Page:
"Where did this pant originate?"
"It's from the Alyssa pant, which used to be the Norell pant with cuffs and a 1" waistband, which I believe came from the Eileen Black Label pant. Pattern CH31. "
"Awesome, you rock, thanks"
You see, that was the problem with having an insane memory in a work environment where research just takes too long. Why look through the history notes of a Product Development Manager tech sheet when LSD knows exactly what you need? Who cares if she's in the middle of lunch?
That was when I'd decided to actually take my lunch hour out of the office. When I decided no more would I sit praying for uninterrupted silence in hopes of proper digestion. I would take my behind to a proper restaurant with proper linen napkins and Jack's became my spot of choice. It's a great little place right in the heart of the fashion district with a pretty diverse menu. There are regulars who frequent the restaurant for lunch and bartenders John and Liam know exactly what you like and remember everytime. My favourite there was the tuna burger that I would order without the bun, but with extra ginger-mustard glaze. I'm pretty sure this menu option was a blatant bite from the famous tuna burger served at Union Square Cafe. I've recreated this burger with a good degree of success and I suggest you try it too, but today, we're talking about something else. My new favourite. 701 Club on Pennsylvania Avenue.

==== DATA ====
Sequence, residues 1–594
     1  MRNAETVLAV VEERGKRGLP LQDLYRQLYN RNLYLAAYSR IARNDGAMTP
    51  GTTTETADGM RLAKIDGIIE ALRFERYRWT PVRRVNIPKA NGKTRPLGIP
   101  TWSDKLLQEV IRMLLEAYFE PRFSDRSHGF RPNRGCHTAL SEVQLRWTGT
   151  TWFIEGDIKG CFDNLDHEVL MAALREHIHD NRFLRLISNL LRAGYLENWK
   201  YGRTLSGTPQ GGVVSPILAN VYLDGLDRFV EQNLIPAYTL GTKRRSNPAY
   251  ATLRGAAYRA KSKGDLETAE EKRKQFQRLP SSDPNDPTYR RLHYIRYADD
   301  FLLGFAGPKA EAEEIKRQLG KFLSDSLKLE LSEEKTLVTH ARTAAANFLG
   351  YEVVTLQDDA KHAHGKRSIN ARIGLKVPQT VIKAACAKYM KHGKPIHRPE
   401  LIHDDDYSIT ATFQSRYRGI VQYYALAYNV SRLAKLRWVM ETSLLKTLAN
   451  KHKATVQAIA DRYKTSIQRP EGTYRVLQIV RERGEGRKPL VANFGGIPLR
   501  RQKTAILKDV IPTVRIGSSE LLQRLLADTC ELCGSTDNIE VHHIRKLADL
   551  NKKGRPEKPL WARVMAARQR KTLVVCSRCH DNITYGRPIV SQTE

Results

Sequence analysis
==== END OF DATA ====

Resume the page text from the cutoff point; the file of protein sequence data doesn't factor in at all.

When I first started working at the Smithsonian, I was at a loss for what to do at lunch. I'd accustomed myself to eating pretty well and I just couldn't go to Subway and sit in a rank plastic booth to enjoy my lunch hour. I'm a Libra, I need delicious cuisine, a good glass of wine, and ambiance to boot. When I asked my new colleagues where they went, I was shocked at how frequently I got, "there's a McDonalds right down the street!". Clearly, we wouldn't be enjoying our lunch hours together. It's a bit of a walk, but I started heading to the best place I knew in Penn Quarter. I know that area pretty well since my Dad's office is right there, so I walked into my favourite downtown lunch spot, 701. It's owned by a guy named Ashouk who owns a few choice spots in DC. They know me there (via my pops) so it felt comfortable and I felt welcome. Sometimes I become a creature of habit, so I found myself at the 701 bar several days out of the week. One day last week, I decided to deviate from my usual and try the black bass on the menu. It was heavenly. The portion was perfect and whatever sauce they used was divine. I started picking around to see where the flavors were coming from and found a delightful array of random ingredients that worked wonders together. It looked as if the black bass still had the skin and was sitting atop a bed of french lentils. Haricot verts, artichoke hearts, roasted peppers and grapes rounded out the mix and it was all topped with this mysterious, light and frothy cream sauce. I decided then and there that I had to try to recreate this dish at home. I knew I could recreate the fish and the vegetables, but I hadn't a clue as to how to attempt the sauce. After a few attempts at the sauce, it was obvious I'd need a bit more instruction, so I followed the advice of my dear friend Shannon. You don't ask and you don't get. So I marched right into 701 and was greeted by Will, the sommelier. He's a fan of LSD so didn't mind a bit giving up the details of the delicious dish.